My Time at Satmar Summer Camp

Cleaning, Competitions and Crushes Dominate the Experience at the Hasidic Girls Camp

Fiddlers on the Roof: Four 11th-grade girls announce the beginning of color war, one of the many competitive activities at Machne Rav Tov in Kerhonkson, Ulster County. More than 1,000 girls from the insular Satmar communities in Williamsburg and Monroe attend the camp each summer.
Frimet Goldberger
Fiddlers on the Roof: Four 11th-grade girls announce the beginning of color war, one of the many competitive activities at Machne Rav Tov in Kerhonkson, Ulster County. More than 1,000 girls from the insular Satmar communities in Williamsburg and Monroe attend the camp each summer.

By Frimet Goldberger

Published July 06, 2014, issue of July 11, 2014.
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Recently my 9-year-old son came home from school demanding I sign him up for sleep-away camp, which, he insisted, his best friend is attending for the entire summer. I nearly fell off the chair imagining my kid, who often forgets to remove his pajamas before he puts on his shorts on summer mornings, fending for himself.

As it turns out, his best friend is going for only the Sabbath, to a camp with round-the-clock adult supervision. It’s a camp, I am sure, unlike the one I attended for four summers of my life — four summers of wonderful memories captured in the snapshots I keep in a maroon photo album.

Machne Rav Tov, alternatively called Zupnick Camp, was the first Satmar girls camp. Situated off a narrow road in Kerhonkson, New York, a small hamlet in Ulster County, Machne Rav Tov was an expansive facility, with rows of green, white and yellow brick bunks lining dirt paths, paved roadways and stretches of sun-stained grass.

The camp hosted 1,000 Satmar girls, ranging in age from 10 to 18. In addition to the campers, members of the administrative staff and their large families occupied bunks around campus, instilling the grounds with the familiar feel of home.

I was in seventh grade when I first attended camp for four weeks. I don’t recall much from that first summer, but I distinctly remember crushing so hard on the 10th-grade bunk counselors I did not want to say goodbye. They were from Brooklyn’s Williamsburg; we were from Monroe, or Kiryas Joel, in upstate New York. Monroers, as we were dubbed, were mostly yuntchy — Hungarian Yiddish slang for “dorky and unsophisticated” — and therefore inferior to the more sophisticated city girls, or the Williamsburgers, as we called them.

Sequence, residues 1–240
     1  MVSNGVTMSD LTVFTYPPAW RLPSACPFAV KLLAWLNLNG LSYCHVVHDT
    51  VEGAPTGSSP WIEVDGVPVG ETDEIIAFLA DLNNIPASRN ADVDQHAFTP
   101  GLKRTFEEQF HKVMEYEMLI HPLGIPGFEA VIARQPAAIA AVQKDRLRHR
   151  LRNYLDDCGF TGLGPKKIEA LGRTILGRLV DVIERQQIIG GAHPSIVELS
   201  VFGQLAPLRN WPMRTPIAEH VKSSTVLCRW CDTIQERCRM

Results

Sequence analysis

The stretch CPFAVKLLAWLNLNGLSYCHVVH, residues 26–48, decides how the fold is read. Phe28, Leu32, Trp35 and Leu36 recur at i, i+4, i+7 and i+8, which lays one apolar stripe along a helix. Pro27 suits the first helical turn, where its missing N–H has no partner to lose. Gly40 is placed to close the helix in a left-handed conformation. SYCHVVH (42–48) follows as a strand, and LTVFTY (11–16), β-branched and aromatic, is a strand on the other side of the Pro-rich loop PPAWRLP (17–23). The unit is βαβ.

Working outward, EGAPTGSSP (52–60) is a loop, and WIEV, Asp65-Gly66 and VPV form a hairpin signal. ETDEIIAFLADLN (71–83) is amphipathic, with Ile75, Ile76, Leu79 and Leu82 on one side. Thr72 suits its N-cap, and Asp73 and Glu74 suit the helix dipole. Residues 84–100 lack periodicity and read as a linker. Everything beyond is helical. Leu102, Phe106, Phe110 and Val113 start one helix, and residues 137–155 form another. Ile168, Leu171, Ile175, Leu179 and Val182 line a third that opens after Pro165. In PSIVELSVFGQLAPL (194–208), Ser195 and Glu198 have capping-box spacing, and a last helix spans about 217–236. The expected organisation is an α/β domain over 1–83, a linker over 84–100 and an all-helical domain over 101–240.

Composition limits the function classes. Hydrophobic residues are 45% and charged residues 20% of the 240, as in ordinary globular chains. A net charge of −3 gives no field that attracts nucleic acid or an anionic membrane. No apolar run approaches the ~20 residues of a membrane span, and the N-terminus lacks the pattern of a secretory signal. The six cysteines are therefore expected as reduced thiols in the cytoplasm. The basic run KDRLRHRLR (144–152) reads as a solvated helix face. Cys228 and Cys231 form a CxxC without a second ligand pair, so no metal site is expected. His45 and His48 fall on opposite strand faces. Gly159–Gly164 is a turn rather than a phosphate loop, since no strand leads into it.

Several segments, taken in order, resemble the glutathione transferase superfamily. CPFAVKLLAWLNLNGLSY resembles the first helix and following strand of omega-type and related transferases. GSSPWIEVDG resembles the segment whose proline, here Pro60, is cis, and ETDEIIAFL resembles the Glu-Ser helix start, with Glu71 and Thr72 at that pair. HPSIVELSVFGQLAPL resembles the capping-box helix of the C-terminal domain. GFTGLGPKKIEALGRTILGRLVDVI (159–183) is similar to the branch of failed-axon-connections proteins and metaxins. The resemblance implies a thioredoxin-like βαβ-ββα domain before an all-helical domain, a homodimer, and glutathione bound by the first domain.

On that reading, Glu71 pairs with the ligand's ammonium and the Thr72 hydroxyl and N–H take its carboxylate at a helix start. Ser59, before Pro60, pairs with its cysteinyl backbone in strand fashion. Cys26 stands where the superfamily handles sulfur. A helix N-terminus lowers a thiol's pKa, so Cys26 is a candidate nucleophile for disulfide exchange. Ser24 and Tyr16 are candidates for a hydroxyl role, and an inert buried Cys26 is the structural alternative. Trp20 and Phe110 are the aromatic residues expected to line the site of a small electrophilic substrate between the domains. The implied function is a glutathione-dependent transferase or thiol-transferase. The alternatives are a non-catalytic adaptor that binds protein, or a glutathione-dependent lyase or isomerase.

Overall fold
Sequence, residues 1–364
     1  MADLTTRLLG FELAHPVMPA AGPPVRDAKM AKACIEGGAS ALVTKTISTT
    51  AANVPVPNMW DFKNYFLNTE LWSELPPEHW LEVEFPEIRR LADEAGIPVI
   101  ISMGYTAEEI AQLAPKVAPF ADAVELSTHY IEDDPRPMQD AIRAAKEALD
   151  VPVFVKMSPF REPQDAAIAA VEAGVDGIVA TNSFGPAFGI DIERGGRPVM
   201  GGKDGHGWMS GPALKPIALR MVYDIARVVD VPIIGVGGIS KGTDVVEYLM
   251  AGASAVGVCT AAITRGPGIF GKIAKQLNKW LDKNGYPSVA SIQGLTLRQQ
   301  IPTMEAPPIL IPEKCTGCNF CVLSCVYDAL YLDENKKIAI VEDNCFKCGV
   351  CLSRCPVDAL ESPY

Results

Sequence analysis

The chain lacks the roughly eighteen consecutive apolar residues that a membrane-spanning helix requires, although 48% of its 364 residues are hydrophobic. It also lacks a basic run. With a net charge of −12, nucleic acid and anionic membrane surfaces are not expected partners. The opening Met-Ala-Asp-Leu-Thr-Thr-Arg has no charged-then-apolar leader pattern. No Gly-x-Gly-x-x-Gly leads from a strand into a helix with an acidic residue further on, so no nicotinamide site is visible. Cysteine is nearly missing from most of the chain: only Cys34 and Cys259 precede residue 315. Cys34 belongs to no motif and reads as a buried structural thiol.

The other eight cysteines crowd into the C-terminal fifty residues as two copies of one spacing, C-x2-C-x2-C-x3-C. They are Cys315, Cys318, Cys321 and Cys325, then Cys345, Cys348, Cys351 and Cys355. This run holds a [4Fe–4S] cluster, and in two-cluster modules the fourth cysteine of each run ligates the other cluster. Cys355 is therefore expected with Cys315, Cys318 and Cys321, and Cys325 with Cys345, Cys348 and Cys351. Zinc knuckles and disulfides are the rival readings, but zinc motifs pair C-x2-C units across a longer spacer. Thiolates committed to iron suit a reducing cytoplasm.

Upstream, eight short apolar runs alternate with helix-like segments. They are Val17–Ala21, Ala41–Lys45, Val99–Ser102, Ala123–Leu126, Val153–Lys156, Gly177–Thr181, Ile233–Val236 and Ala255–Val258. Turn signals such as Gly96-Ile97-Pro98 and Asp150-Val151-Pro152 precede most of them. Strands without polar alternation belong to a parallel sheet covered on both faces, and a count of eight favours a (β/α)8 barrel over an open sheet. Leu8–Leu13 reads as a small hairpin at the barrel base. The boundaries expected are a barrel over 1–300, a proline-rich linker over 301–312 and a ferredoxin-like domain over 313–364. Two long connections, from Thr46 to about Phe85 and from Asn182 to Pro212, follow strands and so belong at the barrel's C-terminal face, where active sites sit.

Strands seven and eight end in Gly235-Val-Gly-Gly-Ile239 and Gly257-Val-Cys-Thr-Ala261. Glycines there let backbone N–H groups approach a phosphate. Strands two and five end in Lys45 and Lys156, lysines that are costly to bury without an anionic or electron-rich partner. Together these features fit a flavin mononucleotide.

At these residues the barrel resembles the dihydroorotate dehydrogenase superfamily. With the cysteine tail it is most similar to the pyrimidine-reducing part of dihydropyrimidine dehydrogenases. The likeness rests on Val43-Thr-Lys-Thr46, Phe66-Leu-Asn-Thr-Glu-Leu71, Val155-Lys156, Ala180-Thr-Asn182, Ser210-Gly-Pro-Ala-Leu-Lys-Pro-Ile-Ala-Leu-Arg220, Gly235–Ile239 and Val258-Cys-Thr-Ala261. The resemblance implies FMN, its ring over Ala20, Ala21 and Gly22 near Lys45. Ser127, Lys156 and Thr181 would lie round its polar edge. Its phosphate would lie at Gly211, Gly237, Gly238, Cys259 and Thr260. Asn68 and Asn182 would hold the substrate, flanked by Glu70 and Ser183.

Crushes were commonplace, usually occurring across the city/suburban line. Most crushes were petty and childish, but some developed into full-blown emotional or physical affairs. Although I never experienced or witnessed one of these same-sex couplings, friends tell me they occurred occasionally and that there were covert spots around campus where lovers would hide out. (I must have been terribly clueless then, since I never caught on to any illicit affairs.) This is not surprising, given the sheer number of hormonally charged adolescent girls and their latent sexual desires. For some girls, Hasidic camp was the place where they had their first intimate encounter with another human being.

On the first day of camp, I was dropped off in the back of the Kiryas Joel shopping center, with three cardboard boxes full of my belongings, labeled and triple taped for the bumpy ride. My mother and I spent weeks shopping for camp — an essential part of the experience. I matched shelf liners with cosmetic bags and storage containers to ensure that my locker was the sleekest-looking in the bunk. I packed a clip-on fan, along with a big bowl and cup for negel vaser, the ritual washing of hands before getting out of bed; I folded and refolded the washed-out beige floral linen, repurposed for camp usage from my parents’ beds, and filled the gaps in between clothing and towels in my luggage with copious snack bags. I also packed a hefty box of powder Tide detergent for doing laundry, a chore I helped with at home, but one for which I would be solely responsible at camp.


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